The ’68 Comeback Special: Petulia

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Richard Lester withdrew his film PETULIA from the 1968 Cannes Film Festival as the protests reached a level that made any discussion of film impossible. “The cynicism that was being displayed was monstrous,” he told Andrew Yule. “There was a well-known French film director setting fire to the curtains during the day, but by the evening he was at a party with United Artists saying ‘This won’t affect my three-picture deal, will it?'”

“We’re talking about solidarity with students and workers, and you’re talking about dolly shots and close-ups,” yelled Godard at a meeting (a man who had once said “a tracking shot is a moral question.”)

Lester found himself witnessing the police baton charge on protesters from Conrad Rooks’ luxury yacht, while guests ate, drank champagne, and listened to the live piano accompaniment. Lester suggested that his host might request the pianist to play a few revolutionary songs to get more in the spirit.

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PETULIA’s whole release was geared to Cannes, which meant it never recovered and was little seen at the time, a tragedy for a film with such a sharp focus on its own historical moment. But it’s cheering to see it coming to greater prominence as time passes — Lester’s sixties work has all passed through a phase of seeming dated (judging by the opinions of others — I never felt any embarrassment in admiring it), and come out the other end in sync with the present, somehow,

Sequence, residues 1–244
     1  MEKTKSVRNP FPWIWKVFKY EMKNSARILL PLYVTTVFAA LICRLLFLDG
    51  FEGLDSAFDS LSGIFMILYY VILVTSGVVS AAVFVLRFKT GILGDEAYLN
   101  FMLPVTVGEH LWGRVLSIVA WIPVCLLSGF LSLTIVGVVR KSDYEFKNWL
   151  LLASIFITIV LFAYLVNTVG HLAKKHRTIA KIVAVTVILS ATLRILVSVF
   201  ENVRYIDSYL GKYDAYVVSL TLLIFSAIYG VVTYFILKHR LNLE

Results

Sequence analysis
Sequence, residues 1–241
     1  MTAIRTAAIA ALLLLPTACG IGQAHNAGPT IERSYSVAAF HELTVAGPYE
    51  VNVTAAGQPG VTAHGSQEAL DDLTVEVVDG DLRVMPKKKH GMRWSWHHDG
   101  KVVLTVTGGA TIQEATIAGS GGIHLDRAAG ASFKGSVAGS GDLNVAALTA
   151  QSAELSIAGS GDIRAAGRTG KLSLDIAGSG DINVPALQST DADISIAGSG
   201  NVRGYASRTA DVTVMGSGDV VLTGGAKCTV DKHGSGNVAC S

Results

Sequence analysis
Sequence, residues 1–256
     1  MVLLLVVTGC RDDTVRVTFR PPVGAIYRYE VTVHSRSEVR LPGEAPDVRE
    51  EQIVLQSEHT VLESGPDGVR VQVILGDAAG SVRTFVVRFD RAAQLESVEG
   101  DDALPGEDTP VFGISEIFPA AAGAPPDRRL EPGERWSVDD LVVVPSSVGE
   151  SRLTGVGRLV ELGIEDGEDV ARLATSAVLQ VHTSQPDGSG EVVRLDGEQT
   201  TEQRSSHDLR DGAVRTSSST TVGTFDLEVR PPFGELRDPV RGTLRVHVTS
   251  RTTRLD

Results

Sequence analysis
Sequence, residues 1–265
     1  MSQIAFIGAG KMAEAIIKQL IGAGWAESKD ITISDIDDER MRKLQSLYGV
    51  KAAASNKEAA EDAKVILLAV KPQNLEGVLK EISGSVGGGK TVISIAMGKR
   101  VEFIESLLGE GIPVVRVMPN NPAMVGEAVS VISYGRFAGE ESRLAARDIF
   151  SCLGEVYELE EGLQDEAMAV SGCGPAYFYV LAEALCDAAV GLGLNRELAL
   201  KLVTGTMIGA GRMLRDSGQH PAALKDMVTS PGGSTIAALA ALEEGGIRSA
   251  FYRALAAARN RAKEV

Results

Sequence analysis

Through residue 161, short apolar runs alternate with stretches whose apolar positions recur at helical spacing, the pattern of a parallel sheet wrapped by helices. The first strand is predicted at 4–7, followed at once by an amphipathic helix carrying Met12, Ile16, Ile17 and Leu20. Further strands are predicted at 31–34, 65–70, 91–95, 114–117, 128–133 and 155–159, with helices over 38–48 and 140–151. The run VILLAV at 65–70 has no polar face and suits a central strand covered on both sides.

Here’s a video essay I’ve made with the brilliant Timo Langer, who cuts Mark Cousins’ films. We recently made a DVD extra for Arrow DVD’s THE FALL OF THE HOUSE OF USHER Blu-ray, and I hope we’ll be working together lots.

This inaugurates a collaboration with Dave “Scout” Tafoya which will see us writing about each of the 1968 competition entries. Every Thursday, here on Shadowplay and at Apocalypse Now.

A final enigma: is Julie Christie and Richard Chamberlain’s pad, which we seem to glimpse twice, all black or all white?

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Buy Petulia from Amazon.com.

Special thanks to the Scottish Documentary Institute for the loan of the sound kit!

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13 Responses to “The ’68 Comeback Special: Petulia”

  1. This is somehow appropriate on Elvis Death Week. Thanks David. From Memphis.